Dogs are able to differentiate words and distinguish between those they have heard before and those they have not. We analyze this comprehensive ability based on their ability to understand the human being through words.
Dogs understand when you talk to them
There are contradictory studies on the matter since while some currents defend that the dog can learn up to 250 words, others assure that there is no scientific basis that supports this hypothesis and point to a null understanding on their part. However, in Wamiz we find the key and we already anticipate that it is only a matter of interpretation of the studies. We can say that both theories are correct and totally valid, although the true statement, to understand us, is that dogs can learn words and assimilate them, although they do not really know the exact meaning of them.
At Wamiz, we have had the opportunity to chat with an expert in the field, the veterinarian and biologist Felipe Vázquez Montoto, from the CatDog Veterinary Center , who confirms the theory we are talking about. “Dogs learn commands, not words. They value intonation, what they hear, and even differentiate words, but they don’t learn their meaning. They only interpret orders. You can teach a dog to sit up by always saying the word ‘coca cola’ to him , he will limit himself to internalizing the order by associating the word with a commandment , but the concept of the word itself will never come up ” .
In this sense, Ashley Prichard, from the department of psychology at Emory University, assures that “many owners think that their dogs know what some words mean, but there really is not much scientific evidence to support it .
Unsplash However, “we know that dogs have the ability to process at least some aspects of human language as they can learn to follow verbal commands , ” says neuroscientist Gregory Berns, lead author of the study. “Previous research, however, suggests that dogs can rely on many other signals to follow a verbal command, such as their owners’ gaze, gestures, and even emotional expressions .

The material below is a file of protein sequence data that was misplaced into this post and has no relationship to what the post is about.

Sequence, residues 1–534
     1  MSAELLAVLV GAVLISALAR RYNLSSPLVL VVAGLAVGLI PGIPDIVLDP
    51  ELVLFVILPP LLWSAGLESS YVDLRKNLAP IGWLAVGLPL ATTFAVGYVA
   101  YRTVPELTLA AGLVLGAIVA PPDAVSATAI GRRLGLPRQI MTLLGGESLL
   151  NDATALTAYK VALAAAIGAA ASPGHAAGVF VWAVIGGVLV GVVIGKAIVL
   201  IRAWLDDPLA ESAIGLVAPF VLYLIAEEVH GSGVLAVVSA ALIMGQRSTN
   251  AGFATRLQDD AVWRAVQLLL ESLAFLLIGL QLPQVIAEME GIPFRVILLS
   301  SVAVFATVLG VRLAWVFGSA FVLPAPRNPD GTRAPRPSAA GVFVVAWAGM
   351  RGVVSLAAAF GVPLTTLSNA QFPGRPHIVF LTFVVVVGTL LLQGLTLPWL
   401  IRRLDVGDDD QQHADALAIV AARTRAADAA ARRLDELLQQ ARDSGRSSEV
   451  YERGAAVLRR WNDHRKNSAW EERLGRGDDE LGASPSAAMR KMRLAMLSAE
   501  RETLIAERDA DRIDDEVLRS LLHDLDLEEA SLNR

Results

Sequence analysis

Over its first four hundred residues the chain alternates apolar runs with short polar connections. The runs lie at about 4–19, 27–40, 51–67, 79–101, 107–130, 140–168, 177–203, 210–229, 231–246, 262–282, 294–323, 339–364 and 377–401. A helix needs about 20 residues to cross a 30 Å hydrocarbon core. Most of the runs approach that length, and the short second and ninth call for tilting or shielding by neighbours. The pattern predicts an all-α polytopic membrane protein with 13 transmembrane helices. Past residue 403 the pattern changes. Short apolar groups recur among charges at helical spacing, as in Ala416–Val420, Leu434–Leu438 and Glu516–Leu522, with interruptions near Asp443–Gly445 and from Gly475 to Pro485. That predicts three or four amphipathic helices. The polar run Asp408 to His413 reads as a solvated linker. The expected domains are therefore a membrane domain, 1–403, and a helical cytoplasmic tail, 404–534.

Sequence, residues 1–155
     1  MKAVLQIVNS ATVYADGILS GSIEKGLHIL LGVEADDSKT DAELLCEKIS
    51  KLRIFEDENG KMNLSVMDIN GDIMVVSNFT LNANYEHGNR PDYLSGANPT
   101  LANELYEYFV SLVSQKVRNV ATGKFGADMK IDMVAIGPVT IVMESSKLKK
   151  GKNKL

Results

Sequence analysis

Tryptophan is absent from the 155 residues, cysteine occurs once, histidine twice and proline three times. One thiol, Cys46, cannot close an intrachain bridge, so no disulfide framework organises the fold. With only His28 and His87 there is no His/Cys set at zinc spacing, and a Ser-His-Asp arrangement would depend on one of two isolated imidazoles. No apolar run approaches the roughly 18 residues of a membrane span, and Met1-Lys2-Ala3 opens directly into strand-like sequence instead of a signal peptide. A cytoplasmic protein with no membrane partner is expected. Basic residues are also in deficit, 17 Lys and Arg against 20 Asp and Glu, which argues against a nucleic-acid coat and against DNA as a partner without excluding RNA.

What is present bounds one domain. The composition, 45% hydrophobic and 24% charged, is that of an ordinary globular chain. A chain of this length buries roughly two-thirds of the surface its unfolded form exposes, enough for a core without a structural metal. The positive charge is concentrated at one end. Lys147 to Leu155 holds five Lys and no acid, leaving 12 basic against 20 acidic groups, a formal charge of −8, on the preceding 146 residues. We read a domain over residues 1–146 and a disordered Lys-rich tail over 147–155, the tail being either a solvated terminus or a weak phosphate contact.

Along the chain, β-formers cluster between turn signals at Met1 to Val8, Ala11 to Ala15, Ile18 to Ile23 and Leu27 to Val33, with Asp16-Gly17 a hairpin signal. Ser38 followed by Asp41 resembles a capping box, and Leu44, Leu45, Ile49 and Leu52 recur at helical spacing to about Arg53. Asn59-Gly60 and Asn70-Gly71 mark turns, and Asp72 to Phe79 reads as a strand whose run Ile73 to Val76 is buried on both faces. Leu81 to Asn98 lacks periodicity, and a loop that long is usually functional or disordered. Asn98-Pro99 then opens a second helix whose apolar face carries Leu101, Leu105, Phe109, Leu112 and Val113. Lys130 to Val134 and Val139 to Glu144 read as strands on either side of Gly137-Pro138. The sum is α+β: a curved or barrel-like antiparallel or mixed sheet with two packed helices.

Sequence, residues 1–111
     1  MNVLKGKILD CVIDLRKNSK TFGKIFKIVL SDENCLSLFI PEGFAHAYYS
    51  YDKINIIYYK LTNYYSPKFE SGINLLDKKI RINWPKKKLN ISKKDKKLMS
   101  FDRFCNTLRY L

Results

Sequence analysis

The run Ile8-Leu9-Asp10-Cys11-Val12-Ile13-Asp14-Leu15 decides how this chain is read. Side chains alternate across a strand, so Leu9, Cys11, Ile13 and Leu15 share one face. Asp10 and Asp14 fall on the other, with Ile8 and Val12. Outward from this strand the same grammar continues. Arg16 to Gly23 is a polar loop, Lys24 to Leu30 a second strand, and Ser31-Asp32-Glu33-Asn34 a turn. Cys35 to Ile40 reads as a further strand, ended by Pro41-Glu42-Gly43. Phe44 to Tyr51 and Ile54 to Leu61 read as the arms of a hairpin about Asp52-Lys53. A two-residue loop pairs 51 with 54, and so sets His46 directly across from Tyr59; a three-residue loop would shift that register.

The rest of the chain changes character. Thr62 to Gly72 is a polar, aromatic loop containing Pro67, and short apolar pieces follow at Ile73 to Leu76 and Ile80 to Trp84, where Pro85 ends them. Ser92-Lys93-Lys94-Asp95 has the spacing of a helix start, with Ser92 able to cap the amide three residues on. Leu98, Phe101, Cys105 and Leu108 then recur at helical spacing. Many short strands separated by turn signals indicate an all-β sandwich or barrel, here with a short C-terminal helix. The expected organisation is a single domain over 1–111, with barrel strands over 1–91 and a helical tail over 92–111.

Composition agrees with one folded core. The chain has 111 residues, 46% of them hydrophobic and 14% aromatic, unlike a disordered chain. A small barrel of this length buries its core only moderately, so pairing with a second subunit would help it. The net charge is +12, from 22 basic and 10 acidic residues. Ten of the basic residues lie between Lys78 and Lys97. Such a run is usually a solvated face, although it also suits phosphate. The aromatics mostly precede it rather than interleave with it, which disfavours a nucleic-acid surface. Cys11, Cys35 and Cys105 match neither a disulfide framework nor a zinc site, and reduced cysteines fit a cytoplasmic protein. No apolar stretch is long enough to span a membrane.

They are not left alone in words
Studies on this subject have determined that dogs discriminate between the words they know and those they don’t, but research concludes a surprising result: dogs stimulate their brain more with unknown words than known. The exact opposite happens to them than to humans, whose neuronal activation is greater with words that they already dominate.
A certain word or phrase activates different areas of the dog’s brain, although for the animal the expressed or verbalized command is not the most important thing when interpreting it. The dog is based on intonation, on gestures and, above all, on the reward it gets for performing or not performing the action. Although they follow the verbal orders, they do not ignore the rest of the signals and are attentive to the eyes of their owner, their gestures and their physical or functional expressions. “When people want to teach their dog a trick, they often use a verbal command because they are what humans prefer. However, from the dog’s perspective, a visual command could be even more effective, helping the dog learn the trick. faster, “ explains Gregory Berns.